Information about the Bhutan Country

History


The name ‘Bhutan’ appears to derive from the Sanskrit ‘Bhotant’ meaning ‘the end of Tibet’ or from ‘Bhu-uttan’ meaning coronation-logo’high land’. Though known as Bhutan to the outside world, the Bhutanese themselves refer to their country as Druk Yul or the Land of the Thunder Dragon. ‘Druk’ meaning ‘Dragon’ and extending from the predominant Drukpa school of Tibetan Buddhism.


The documented history of the Kingdom begins with 747 A.D. with Guru Padsambhava also known as Guru Rinpoche who made his legendary trip from Tibet across the mountains flying on a tigress’s back. He arrived in Paro valley at Taktsang Lhakhang also known as Tiger’s Nest. Guru Rinpoche is not only recognized as the founder of the Nyingmapa religious school but also considered to be second Buddha. In the ensuing centuries, many great masters preached the faith resulting in full bloom of Buddhism by the middle ages. Although sectarian at first, the country was eventually unified under Drukpa Kagyupa sect of Mahayana Buddhism by saint/administrator Shabdrung Ngawang Namgyal in the 17th century. Ngawang Namgyal codified a comprehensive system of laws and built a chain of Dzongs which guarded each valley during unsettled times and now serving as the religious and administrative centre of the region.


During the next two centuries civil wars intermittently broke out and the regional Governors became increasingly more powerful. At the end of 19th century, Trongsa Governor overcame all his rivals and soon afterwards recognized as the overall leader of Bhutan. The Governor of Trongsa, Sir Ugyen Wangchuck, was elected as the first King of Bhutan in 1907 by an assembly of representatives of the monastic community, civil servants and people. The country has now the system of constitutional monarchy.


Early Bhutan


By 1,500 BC people lived in Bhutan by herding animals. The in the 7th century AD Buddhism was introduced into Bhutan. In the 8th century an Indian named Padmasambhava did much to encourage the spread of Buddhism in Bhutan. Ever since Buddhism has been an integral part of the culture of Bhutan.
However for centuries the people of Bhutan were disunited. Then in 1616 Ngawang Namgyal became spiritual leader of Bhutan. He took the title Zhabdrung Rinpoche. Under him Bhutan became a united country.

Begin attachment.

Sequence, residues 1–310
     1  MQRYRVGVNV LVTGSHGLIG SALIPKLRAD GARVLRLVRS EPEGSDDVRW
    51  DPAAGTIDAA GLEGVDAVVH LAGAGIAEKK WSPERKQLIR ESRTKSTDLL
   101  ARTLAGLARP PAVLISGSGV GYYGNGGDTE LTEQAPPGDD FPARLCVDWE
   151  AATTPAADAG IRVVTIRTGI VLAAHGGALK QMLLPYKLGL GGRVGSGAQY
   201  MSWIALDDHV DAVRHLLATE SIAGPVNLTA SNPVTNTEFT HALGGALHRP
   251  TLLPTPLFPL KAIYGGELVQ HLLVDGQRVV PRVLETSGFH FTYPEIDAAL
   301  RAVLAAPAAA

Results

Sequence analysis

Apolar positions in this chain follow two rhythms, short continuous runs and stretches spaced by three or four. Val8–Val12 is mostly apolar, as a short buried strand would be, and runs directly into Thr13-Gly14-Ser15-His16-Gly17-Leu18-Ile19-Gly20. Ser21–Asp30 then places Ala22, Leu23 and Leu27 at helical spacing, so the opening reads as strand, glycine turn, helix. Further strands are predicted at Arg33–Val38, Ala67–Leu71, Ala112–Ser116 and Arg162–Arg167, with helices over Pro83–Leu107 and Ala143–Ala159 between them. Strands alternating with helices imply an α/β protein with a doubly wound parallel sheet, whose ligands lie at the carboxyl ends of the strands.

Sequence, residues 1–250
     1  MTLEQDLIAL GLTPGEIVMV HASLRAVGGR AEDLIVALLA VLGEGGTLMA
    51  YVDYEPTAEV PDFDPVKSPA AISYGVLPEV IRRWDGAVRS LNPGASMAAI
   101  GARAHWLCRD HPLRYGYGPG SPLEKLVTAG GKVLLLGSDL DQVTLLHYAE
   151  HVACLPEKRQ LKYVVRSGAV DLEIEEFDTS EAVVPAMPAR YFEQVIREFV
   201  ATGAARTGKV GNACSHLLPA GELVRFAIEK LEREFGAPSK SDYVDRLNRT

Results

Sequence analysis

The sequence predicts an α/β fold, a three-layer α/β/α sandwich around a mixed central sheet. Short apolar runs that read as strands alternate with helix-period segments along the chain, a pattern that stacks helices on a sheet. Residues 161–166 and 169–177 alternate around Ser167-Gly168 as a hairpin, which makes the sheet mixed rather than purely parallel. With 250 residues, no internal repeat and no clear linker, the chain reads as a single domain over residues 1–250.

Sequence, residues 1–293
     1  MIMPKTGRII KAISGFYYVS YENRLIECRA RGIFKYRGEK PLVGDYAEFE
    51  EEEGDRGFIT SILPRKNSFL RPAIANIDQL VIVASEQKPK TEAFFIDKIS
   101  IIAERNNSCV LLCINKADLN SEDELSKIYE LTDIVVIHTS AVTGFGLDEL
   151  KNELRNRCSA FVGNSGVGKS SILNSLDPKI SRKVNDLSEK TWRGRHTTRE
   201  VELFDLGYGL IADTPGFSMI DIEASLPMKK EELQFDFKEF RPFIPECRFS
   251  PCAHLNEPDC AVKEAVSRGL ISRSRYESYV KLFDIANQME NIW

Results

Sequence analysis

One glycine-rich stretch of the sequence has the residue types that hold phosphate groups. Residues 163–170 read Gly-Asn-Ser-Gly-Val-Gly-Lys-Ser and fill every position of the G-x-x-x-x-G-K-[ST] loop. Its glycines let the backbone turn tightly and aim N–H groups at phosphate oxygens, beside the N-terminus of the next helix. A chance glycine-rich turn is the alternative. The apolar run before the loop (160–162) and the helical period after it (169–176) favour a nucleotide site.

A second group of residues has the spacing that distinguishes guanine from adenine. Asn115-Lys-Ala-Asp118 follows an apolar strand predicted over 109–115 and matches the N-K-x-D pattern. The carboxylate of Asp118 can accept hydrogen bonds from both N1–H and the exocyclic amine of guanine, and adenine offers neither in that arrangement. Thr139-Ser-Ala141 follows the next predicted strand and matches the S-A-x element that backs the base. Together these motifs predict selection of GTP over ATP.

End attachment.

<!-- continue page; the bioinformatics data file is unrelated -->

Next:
Ngawang Namgyal also divided the government of Bhutan into spiritual and secular. The Zhabdrung was the spiritual leader while a person called the Desi ran the secular administration.
Meanwhile in 1627 two Portuguese Jesuit priests became the first Europeans to visit Bhutan.
The 18th century was an era of political instability in Bhutan when many desi were assassinated. Meanwhile the British were becoming increasingly powerful in India. Bhutan first made a treaty with the British in 1774.
However Britain and Bhutan quarreled over the Duars (the lowest hills of Bhutan). War finally broke out in 1864. After the war the British took the Duars.


Modern Bhutan


In 1907 Ugyen Wangchuk was elected king of Bhutan. Then in 1910 Bhutan and Britain signed a treaty. Britain agreed not to interfere in the internal affairs of Bhutan as long as the Bhutanese accepted British advice on its external relations. In 1947 India became independent. In 1949 India signed a treaty with Bhutan. India agreed not to interfere in Bhutanese affairs as long as Bhutan accepted Indian advice on its internal affairs.
In the 1960s Bhutan ended its isolation. Bhutan joined the Colombo Plan in 1962. Bhutan joined the Universal Postal Union in 1969 and joined the UN in 1971. Meanwhile the king of Bhutan introduced a number of reforms although he was keen to preserve Bhutanese traditions. The king created the National Assembly and the Royal Bhutanese Army.


In 1999 satellite TV was allowed in Bhutan for the first time.
Then in the early 21st Century Bhutan became a democratic country. In 2005 the king unveiled a new constitution. The first democratic elections for parliament were held in 2008.
Today Bhutan is an overwhelmingly agricultural country. Any industry is cottage industry. Today the population of Bhutan is 758,000.

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